By John Hollinger
In Part I we relived the history of the football team prior to the 50’s— which included turning down the likes of Vince Lombardi as head coach. In the final part of this two-part series, we relive the football times from 1950- 2002.
Although they lost their first and only pro-bowl game ever in 1948 to John Carroll University, which was coached by Don Shula, the Canisius football team would discontinue playing NCAA Division I just a few years later after the 1949 season. After turning down Vince Lombardi as head coach prior to the 1948 season, the program would be discontinued just two years later.
On Feb. 8, 1950, the Canisius College football team was officially disbanded. However, it wasn’t until 1965 when the proposal of a club football team was made that would revitalize the program in the coming years. Dr. James Lauffenburger, ‘60, PhD, was approached by students to become the moderator for the team. The acceptance by Lauffenburger kicked off the ‘club football era’ in 1966.
Lauffenburger would go on to stay actively involved with the football program at Canisius– guiding the program to NCAA Division III status, and eventually back to Division I.
Lauffenburger recalled a particular game that first year of club football in 1966 that was worth remembering. If you were to ask Lauffenburger, he would tell you about the time Canisius had 2,000 fans watch its one and only two-hand-touch football game against Niagara. When asked about the score of the game, Lauffenburger replied “We got our butts kicked.”
The next year, in 1967, the pads were on, as Canisius could play football at the club level, an improvement from the the single two hand touch game the year prior. They took on Niagara, Siena, Marist, Jersey City University, and the University of Scranton according to Lauffenburger.
They would continue to play in football at the Independent club level from 1967-72. In 1973 the team was brought back to NCAA competition, this time at the division III level. This was a big success according to Lauffenburger as the team had been absent from the NCAA for 23 years.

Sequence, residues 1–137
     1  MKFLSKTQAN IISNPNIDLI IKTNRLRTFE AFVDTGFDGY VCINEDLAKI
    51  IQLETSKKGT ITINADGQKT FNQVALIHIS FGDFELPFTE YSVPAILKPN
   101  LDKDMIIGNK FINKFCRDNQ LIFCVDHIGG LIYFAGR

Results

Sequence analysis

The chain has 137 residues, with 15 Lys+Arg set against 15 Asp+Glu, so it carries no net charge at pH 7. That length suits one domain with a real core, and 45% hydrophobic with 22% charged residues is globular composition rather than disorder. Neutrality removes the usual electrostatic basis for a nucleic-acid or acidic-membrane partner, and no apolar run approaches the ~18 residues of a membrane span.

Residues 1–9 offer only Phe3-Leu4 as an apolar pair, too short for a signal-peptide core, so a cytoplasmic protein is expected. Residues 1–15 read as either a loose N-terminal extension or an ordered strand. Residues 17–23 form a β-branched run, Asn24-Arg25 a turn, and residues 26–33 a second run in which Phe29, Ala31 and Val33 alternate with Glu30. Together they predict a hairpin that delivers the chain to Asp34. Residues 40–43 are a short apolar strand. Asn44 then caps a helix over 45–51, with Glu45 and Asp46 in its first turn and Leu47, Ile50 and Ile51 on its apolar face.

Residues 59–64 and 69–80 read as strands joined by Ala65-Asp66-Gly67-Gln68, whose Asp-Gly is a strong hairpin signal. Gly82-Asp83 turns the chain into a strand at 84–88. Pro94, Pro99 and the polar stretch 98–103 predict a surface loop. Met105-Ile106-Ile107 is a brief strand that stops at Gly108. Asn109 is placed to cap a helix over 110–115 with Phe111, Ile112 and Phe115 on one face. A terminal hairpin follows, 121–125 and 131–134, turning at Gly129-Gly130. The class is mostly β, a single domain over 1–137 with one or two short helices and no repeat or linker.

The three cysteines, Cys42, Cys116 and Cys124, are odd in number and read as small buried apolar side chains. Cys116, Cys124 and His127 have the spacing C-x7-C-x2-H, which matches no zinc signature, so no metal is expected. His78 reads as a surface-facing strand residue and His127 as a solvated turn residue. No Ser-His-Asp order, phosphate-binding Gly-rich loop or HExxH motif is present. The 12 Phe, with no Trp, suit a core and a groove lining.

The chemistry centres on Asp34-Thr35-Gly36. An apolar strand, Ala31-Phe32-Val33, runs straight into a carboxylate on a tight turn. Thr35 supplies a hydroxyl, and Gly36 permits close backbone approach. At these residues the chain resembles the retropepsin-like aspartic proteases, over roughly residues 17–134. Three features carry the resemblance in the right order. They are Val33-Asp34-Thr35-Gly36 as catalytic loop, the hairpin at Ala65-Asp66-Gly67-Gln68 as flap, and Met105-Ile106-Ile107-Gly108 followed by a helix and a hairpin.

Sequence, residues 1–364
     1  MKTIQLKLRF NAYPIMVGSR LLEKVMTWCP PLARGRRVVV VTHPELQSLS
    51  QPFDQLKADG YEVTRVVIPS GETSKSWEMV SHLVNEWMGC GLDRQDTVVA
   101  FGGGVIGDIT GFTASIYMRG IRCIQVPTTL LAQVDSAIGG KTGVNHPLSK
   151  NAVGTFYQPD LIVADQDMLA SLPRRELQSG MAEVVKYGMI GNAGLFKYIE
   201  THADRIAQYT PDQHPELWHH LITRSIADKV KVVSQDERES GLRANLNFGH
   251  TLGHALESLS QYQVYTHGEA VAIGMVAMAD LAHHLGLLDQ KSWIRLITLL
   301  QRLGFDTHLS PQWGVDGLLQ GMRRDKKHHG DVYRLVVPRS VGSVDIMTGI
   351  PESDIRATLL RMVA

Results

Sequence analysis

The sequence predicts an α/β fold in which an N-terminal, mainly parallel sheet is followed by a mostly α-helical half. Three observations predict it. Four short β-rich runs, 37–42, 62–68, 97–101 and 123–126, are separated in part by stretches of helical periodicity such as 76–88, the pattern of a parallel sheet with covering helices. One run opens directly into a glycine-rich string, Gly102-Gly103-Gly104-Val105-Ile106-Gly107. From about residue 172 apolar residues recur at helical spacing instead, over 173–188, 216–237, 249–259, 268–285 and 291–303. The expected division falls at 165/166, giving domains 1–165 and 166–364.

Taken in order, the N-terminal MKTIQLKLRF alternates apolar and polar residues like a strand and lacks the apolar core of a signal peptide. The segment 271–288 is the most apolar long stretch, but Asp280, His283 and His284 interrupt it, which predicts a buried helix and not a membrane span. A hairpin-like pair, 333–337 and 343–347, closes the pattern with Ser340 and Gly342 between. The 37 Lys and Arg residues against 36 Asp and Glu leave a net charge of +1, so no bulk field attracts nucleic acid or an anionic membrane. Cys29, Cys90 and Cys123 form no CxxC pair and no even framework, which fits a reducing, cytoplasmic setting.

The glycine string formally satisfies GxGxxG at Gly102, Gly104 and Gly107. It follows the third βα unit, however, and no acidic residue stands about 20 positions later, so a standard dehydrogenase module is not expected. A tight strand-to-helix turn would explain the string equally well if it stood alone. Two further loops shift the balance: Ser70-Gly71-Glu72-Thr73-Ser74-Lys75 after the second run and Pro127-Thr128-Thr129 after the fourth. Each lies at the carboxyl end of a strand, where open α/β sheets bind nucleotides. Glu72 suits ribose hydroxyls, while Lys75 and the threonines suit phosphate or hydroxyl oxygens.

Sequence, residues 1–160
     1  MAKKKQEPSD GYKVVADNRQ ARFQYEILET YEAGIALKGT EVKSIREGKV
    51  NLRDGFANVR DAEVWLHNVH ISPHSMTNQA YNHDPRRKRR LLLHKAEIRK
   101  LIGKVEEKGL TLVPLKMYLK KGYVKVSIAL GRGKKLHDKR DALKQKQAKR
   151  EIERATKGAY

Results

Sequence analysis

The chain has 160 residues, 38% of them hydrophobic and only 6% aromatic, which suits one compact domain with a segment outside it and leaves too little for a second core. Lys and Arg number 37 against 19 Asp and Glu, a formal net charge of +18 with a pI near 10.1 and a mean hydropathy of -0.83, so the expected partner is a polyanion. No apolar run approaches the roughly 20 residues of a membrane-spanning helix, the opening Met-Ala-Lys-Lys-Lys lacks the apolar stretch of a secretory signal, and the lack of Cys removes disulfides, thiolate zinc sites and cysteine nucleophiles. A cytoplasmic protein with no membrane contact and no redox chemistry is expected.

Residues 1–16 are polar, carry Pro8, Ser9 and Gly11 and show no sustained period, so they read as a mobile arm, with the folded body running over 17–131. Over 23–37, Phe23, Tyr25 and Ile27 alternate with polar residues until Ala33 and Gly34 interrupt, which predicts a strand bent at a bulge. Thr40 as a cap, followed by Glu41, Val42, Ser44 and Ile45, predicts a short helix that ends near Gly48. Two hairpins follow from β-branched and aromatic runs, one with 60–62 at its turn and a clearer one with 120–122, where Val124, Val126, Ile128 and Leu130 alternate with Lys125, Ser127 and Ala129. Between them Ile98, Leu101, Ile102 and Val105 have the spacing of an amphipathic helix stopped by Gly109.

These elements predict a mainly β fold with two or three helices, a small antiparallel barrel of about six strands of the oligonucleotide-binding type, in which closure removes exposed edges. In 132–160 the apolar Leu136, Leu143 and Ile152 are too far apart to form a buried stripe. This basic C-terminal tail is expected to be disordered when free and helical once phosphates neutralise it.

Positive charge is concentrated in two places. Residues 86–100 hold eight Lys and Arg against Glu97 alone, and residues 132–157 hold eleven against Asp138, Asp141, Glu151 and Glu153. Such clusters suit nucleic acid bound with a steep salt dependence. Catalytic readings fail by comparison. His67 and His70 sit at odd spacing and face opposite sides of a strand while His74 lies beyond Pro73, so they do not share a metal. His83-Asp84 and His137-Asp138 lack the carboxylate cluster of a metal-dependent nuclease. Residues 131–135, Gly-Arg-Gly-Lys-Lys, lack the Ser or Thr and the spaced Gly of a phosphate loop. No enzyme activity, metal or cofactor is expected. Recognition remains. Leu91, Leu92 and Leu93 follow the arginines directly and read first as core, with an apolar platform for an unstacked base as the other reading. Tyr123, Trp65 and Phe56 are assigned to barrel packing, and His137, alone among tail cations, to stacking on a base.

Within the years in division III, Bill Maher, who is the current Director of Athletics at Canisius, played for the team as an offensive lineman. Maher played from 1985-88 and said how they did not have a bad team by any means.
“It was a quality team,” said Maher, “We were always one win or one tie out of it [conference championship].”
Maher also mentioned how great it was playing alongside Mike Panepinto—a 5-foot-7 running back who ended up playing for the Buffalo Bills in 1987. As an offensive lineman, Maher blocked for Panepinto. Today, Panepinto is the guidance counselor at Kenmore High School.
Another player Maher played alongside was Ottis Flowers, whom he played alongside for all four years. Flowers is still involved with football today as a defensive backs and special teams coach at East Stroudsburg University in Pennsylvania. Maher recalled the time when they were playing against Saint John Fisher College, and on that team was Russ Brandon, who is currently the president of the Bills, Sabres, the Rochester Americans of the American Hockey League, and Pegula Sports and Entertainment
According to Maher, Brandon said that Flowers was “the biggest and meanest guy on the team.”
Eventually the program would find it’s way back to NCAA division I-AA status again in 1993 in the Metro Atlantic Athletic Conference.
But the team would last less than a decade, as the program was cut in 2002. One of the players who was on that last team was Tom Perkovich. Standing at 6-foot-6 and nearly 300 pounds, Perkovich played an intricate role for the football team and for Canisius athletics. He walked on to the basketball team his freshman year and played both sports all four years but says he loved football more.
None of the players on the team were on scholarship and the team was not winning. The team had only won four games during Perkovich’s four years from 1999-02.
“There was a lot of camaraderie, blood, sweat, and tears, but we were not successful,” said Perkovich.
As a result, with three games to go in the 2002 season the team was cut, which was not easy for Perkovich who had such a passion for the game.
“We worked really hard, but were not successful. That was the toughest thing to swallow.” said Perkovich. The team was coached by Ed Argast, who Perkovich said helped guide to him to where he is today.
“He helped me get into this profession [of coaching], get that first job, and all that I’ve done.” said Tonawanda, NY native. After playing, Perkovich pursued coaching and is the current head coach at Susquehanna University in Pennsylvania.
“I really wouldn’t be here without him [Argast], I truly believe that,” said Perkovich. Argast is the current offensive line coach at Bryant University.
Although the team wasn’t as successful as Perkovich had wanted, it is the people that he remembers the most and what made his days at Canisius memorable.
Although Perkovich doesn’t have a football team to root for at his alma mater he says that he really values his experience at Canisius.
“I remember the people the most, that is what made the experience,” said Perkavich. “I wouldn’t trade the experience. I love what I got out of Canisius.”